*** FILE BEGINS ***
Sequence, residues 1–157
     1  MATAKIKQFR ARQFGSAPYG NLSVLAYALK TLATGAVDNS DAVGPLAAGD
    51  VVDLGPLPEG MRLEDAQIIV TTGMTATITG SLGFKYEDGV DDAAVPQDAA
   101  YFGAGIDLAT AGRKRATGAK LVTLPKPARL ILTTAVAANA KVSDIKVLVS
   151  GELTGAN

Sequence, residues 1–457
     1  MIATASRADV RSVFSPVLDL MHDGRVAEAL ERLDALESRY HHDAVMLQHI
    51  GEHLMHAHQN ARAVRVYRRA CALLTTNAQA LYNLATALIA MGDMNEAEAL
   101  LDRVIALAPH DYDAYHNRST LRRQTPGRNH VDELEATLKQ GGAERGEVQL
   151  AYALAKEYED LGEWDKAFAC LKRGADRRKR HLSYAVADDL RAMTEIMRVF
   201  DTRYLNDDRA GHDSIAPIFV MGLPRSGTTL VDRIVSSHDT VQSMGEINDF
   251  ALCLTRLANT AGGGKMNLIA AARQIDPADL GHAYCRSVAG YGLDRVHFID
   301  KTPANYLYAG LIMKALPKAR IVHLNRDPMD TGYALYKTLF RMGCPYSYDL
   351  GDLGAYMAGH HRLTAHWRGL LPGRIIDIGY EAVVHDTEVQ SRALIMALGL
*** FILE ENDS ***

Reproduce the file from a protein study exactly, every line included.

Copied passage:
Sequence, residues 1–157
     1  MATAKIKQFR ARQFGSAPYG NLSVLAYALK TLATGAVDNS DAVGPLAAGD
    51  VVDLGPLPEG MRLEDAQIIV TTGMTATITG SLGFKYEDGV DDAAVPQDAA
   101  YFGAGIDLAT AGRKRATGAK LVTLPKPARL ILTTAVAANA KVSDIKVLVS
   151  GELTGAN

Sequence, residues 1–457
     1  MIATASRADV RSVFSPVLDL MHDGRVAEAL ERLDALESRY HHDAVMLQHI
    51  GEHLMHAHQN ARAVRVYRRA CALLTTNAQA LYNLATALIA MGDMNEAEAL
   101  LDRVIALAPH DYDAYHNRST LRRQTPGRNH VDELEATLKQ GGAERGEVQL
   151  AYALAKEYED LGEWDKAFAC LKRGADRRKR HLSYAVADDL RAMTEIMRVF
   201  DTRYLNDDRA GHDSIAPIFV MGLPRSGTTL VDRIVSSHDT VQSMGEINDF
   251  ALCLTRLANT AGGGKMNLIA AARQIDPADL GHAYCRSVAG YGLDRVHFID
   301  KTPANYLYAG LIMKALPKAR IVHLNRDPMD TGYALYKTLF RMGCPYSYDL
   351  GDLGAYMAGH HRLTAHWRGL LPGRIIDIGY EAVVHDTEVQ SRALIMALGL